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Last Posted: Nov 10, 2023
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Ten Years of Incidental, Secondary, and Actionable Findings.
Sharon Plon et al. N Engl J Med 2023 11 (19) 1813-1814

From the paper: "The ACMG has highlighted the fact that the ACMG SF gene lists were not designed to be implemented for population screening outside of research. However, many of the genes that have an effect on life span are also considered to be “tier 1” by the Centers for Disease Control and Prevention; knowledge of their status could have a positive effect on population health. "

ACMG SF v3.2 list for reporting of secondary findings in clinical exome and genome sequencing: A policy statement of the American College of Medical Genetics and Genomics (ACMG)
DT Miller et al, Genetics in Medicine, June 22, 2023

The American College of Medical Genetics and Genomics (ACMG) previously published guidance for reporting secondary findings (SFs) in the context of clinical exome and genome sequencing. The ACMG Secondary Findings Working Group (SFWG) and Board of Directors (BODs) have agreed that the list of recommended genes should now be updated annually, but with an ongoing goal of maintaining this as a minimum list. Reporting of SFs should be considered neither a replacement for indication-based diagnostic clinical genetic testing nor a form of population screening.

Clinically actionable incidental and secondary parental genomic findings after proband exome sequencing: yield and dilemmas
LB Salmon et al, Genet Med Open, May 2023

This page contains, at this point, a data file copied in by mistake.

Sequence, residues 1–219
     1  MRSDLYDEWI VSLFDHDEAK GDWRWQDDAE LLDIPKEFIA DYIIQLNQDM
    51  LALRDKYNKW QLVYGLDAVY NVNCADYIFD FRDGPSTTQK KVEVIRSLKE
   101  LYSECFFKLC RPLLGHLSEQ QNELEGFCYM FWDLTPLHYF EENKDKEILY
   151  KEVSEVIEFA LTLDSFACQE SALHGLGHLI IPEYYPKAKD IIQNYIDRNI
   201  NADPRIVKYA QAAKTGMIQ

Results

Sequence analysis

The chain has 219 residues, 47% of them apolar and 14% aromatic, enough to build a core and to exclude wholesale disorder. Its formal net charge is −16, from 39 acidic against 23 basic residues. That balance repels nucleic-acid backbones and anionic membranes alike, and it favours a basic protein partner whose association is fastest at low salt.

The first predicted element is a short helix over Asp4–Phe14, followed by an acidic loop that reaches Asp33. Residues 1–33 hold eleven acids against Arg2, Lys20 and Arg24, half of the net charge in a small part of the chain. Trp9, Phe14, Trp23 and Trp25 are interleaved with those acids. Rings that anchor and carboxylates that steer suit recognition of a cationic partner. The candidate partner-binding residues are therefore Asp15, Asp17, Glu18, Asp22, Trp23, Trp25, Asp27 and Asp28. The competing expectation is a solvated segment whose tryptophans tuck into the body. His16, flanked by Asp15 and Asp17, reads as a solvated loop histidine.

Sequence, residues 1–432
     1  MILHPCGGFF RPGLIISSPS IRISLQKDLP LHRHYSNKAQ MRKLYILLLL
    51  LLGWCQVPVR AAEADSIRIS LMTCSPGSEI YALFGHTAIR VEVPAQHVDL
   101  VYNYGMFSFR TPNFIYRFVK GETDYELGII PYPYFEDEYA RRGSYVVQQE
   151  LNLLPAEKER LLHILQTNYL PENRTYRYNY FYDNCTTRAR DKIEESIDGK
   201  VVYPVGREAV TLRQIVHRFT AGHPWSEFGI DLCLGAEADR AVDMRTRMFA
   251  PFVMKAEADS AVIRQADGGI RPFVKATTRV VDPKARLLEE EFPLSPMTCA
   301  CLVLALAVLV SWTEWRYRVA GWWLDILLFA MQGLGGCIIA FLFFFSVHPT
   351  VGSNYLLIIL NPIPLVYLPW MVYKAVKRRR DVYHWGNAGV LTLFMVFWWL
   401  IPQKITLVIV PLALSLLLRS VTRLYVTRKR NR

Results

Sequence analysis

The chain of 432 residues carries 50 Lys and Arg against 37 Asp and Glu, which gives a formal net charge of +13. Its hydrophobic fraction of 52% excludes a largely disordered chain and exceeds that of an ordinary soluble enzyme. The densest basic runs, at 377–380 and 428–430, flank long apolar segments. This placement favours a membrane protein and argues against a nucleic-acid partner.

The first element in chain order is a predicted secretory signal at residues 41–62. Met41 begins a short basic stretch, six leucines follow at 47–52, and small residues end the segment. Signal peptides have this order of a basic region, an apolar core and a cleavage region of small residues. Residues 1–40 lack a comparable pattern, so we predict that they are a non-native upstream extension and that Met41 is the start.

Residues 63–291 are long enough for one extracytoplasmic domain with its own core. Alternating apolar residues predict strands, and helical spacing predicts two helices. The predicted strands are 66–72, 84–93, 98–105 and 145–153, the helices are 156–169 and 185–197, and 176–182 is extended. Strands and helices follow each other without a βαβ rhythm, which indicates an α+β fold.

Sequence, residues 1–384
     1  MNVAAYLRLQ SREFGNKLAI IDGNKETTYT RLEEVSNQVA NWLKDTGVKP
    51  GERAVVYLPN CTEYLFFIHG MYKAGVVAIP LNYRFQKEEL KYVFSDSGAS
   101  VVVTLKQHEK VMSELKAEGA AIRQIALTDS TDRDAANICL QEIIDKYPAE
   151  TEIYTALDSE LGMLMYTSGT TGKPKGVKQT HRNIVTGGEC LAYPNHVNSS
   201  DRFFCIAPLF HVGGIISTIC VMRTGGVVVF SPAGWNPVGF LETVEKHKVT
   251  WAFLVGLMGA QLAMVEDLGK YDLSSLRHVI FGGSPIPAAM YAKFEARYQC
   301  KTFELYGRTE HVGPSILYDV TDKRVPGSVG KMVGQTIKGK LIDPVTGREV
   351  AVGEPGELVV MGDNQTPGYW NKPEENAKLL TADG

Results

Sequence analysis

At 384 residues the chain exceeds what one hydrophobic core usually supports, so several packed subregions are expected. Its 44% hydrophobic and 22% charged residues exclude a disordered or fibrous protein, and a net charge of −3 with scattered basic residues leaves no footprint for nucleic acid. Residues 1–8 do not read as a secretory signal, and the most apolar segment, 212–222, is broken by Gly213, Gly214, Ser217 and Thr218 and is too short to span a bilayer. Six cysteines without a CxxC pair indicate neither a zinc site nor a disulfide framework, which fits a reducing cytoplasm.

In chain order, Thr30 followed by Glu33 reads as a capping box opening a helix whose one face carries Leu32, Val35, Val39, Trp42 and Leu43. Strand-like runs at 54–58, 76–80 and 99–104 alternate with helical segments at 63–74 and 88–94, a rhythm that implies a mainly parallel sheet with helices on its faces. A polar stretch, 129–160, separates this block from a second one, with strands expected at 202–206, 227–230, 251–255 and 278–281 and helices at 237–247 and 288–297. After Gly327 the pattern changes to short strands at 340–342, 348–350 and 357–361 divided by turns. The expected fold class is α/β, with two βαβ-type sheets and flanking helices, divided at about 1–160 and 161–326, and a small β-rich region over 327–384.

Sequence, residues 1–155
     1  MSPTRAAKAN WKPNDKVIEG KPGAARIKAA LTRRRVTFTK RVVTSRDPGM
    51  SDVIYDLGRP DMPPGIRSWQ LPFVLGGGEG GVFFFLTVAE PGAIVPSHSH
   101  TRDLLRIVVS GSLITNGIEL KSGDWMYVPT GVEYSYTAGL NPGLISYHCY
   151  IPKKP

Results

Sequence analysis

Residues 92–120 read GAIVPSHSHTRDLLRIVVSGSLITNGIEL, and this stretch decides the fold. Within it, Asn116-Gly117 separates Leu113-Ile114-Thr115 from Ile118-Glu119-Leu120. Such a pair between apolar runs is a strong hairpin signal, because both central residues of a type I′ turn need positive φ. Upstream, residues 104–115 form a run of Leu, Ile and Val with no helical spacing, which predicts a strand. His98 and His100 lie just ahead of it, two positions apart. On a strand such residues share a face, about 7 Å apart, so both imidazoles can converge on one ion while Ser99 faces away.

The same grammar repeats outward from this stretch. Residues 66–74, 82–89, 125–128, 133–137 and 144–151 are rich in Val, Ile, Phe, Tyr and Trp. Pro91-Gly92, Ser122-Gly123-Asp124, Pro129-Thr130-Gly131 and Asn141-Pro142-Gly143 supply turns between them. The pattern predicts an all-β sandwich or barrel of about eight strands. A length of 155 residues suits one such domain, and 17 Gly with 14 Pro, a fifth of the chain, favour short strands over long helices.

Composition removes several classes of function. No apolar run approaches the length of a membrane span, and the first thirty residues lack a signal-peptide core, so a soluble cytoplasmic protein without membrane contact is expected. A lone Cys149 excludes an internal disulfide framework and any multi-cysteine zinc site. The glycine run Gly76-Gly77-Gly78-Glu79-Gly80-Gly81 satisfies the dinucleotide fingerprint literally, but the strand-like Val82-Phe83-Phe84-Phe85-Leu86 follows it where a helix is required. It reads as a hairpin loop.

Active search for RRFs, IFs and SFs yields a high rate of findings that may contribute to individual medical care in parents of probands undergoing ES. A structured approach to overcome the challenges associated with reporting these findings should be considered before such active search can be broadly adopted in clinical genomic data analysis.

Interpreting Incidentally Identified Variants in Genes Associated With Heritable Cardiovascular Disease: A Scientific Statement From the American Heart Association
AP Landsrtom et al, Circ Genomics & Prec Med, March 27, 2023

The goal of this American Heart Association consensus statement is to provide guidance to clinicians who are called on to evaluate patients with incidentally identified genetic variants in monogenic cardiovascular disease genes and to assist them in the interpretation and clinical application of variants. This scientific statement outlines a framework through which clinicians can assess the pathogenicity of an incidental variant, which includes a clinical evaluation of the patient and the patient’s family and re-evaluation of the genetic variant in question.

Disclaimer: Articles listed in the Public Health Genomics and Precision Health Knowledge Base are selected by the CDC Office of Public Health Genomics to provide current awareness of the literature and news. Inclusion in the update does not necessarily represent the views of the Centers for Disease Control and Prevention nor does it imply endorsement of the article's methods or findings. CDC and DHHS assume no responsibility for the factual accuracy of the items presented. The selection, omission, or content of items does not imply any endorsement or other position taken by CDC or DHHS. Opinion, findings and conclusions expressed by the original authors of items included in the update, or persons quoted therein, are strictly their own and are in no way meant to represent the opinion or views of CDC or DHHS. References to publications, news sources, and non-CDC Websites are provided solely for informational purposes and do not imply endorsement by CDC or DHHS.